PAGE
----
Friday, 12 May 2017

Some quotes by me

Various quotes I've made on facebook, sometimes after a few beers!

There's 2 possibilities:

a) This is the only life there is. When we die we simply cease to exist. Our lives and the Universe are, in a sense, ultimately absurd. In that case nothing we do ultimately matters. How much money we accumulate and our social status are transitory and ultimately unfulfilling, and in the end are to no avail since we all end up in the same boat -- namely eternal non-existence. I suggest instead we just live our lives, have a laugh, have a few drinks, be kind to others, but most importantly of all not to take life too seriously.

b) Or there is a "life after death", and perhaps an ultimate purpose to our existence and to all things. But if we continue to exist after death, why do we think what we achieve in this life is so terribly important? If there is some ultimate purpose to life, we don't know what it is, but presumably it will have nothing to do with how much money we accumulate and our social status. I suggest instead we just live our lives, have a laugh, have a few drinks, be kind to others, but most importantly of all not to take life too seriously.

 Nothing to do
I'm astonished to hear that many people -- if not indeed most people -- would find it profoundly boring not being in a full-time job as an employee. That they would have nothing to do all day. Indeed, many people claim that when they were unemployed they were sleeping 12 hours a day and were just depressed.

I have to say I find this utterly bizarre. So going for walks in the countryside; visiting museums; learning and becoming proficient in some subject and perhaps even becoming an expert; discussions on a variety of subjects on the Internet and elsewhere; reading novels; playing games; exercising; just simply thinking about reality and our place in it and what it all means; laying in a field in the warm bright sunshine in the arms of the one you love. And so on and so on and so on... None of this has any appeal? Peoples' only aim in life is to sell their labour to an employer? Nothing else in life is worth doing? Wow...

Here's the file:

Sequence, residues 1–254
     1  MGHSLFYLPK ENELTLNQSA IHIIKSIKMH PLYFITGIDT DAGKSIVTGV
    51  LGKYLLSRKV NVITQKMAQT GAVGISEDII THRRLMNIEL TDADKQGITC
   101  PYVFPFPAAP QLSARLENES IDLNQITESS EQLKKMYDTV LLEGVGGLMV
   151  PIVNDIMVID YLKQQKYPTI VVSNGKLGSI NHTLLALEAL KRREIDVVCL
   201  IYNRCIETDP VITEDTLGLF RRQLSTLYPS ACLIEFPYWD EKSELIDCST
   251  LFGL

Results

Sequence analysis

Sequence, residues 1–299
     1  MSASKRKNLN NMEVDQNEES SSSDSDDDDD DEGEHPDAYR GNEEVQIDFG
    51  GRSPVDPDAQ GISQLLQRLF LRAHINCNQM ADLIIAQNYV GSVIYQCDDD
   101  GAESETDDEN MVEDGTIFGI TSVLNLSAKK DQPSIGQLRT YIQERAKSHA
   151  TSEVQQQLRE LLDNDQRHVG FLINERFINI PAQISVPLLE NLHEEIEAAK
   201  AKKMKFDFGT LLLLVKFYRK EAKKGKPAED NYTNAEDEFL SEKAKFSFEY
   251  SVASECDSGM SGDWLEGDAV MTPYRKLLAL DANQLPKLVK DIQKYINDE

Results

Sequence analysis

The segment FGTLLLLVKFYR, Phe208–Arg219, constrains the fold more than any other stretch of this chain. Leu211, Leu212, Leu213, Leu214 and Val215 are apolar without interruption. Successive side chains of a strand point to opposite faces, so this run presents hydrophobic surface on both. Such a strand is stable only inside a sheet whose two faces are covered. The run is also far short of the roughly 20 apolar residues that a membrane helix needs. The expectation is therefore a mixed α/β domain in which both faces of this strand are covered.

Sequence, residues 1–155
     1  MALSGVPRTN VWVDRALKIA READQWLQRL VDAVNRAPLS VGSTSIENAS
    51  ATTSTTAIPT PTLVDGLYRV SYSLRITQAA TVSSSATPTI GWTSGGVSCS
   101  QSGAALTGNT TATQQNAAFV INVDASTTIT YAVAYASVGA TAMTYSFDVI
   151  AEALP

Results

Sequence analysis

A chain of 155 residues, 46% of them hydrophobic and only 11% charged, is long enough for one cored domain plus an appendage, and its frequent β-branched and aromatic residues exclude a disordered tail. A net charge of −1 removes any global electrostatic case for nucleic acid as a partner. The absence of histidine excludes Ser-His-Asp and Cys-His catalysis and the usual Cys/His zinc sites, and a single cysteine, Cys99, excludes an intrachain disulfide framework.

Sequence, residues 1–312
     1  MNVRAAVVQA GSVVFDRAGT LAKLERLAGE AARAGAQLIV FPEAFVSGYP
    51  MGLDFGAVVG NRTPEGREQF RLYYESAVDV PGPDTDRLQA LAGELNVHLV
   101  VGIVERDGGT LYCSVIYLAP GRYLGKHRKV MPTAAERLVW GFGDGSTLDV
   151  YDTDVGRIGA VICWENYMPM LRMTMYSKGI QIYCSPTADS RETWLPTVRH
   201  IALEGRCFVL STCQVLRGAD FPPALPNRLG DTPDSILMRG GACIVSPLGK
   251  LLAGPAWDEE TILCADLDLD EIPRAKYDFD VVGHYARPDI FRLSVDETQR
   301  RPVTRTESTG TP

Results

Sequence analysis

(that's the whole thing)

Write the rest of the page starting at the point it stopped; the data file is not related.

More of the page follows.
In the Future

I wonder what it will be like in the year 802,701? Or in the 111,394th Century approximately 11 million years from now? Will human beings be long gone? Will there still be complex life on Earth? Or will the Earth be wholly devoid of life due to some catastrophic event? Such an event will surely be very unlikely. Perhaps gigantic creatures like dinosaurs will exist then. I'll probably never know.
In a Million Years time

I was just thinking. Suppose we could go into the future exactly 1 million years from now. What would we see?

I would speculate that our technological civilisation will have disappeared and most probably that we will have become extinct and the Earth will have returned close to a pristine condition.

Will other life forms have evolved with limbs and something like opposable thumbs so they can manipulate their environment? Probably not, but maybe. But even if they did arise I doubt they would build a technological civilisation like ours.

The last human ever

I wonder who will be the very last human to ever live, what his/her life will be like, what his/her thoughts will be, and when this will occur.

We're all on a Train

We're all on this train. We do not know where our fellow passengers come from, nor even where we ourselves come from. Perhaps people just materialise out of nothingness, or perhaps people just don't remember. And we do not know where people will go when they finally get off the train. But we know we will finally get off at some point. To some strange destination, or to oblivion -- we do not know. Meanwhile the train and its inhabitants are our world -- the only world we know. Let's read, chat with our fellow passengers, play games. Something to do before we alight from the train to our new strange destination, or to oblivion.
What are we?

We find ourselves in this world not knowing what we are, who we are, or why we are here.  Are we are mere meat robots with no free will living out our purposeless lives in a purposeless Universe?  Or are we souls with an ultimate purpose to our existence -- a purpose which we cannot as of yet know, or possibly even comprehend. Worst of all we don't know what our ultimate destiny might be, whether it will be oblivion or whether it will be to ascend into some mysterious new reality.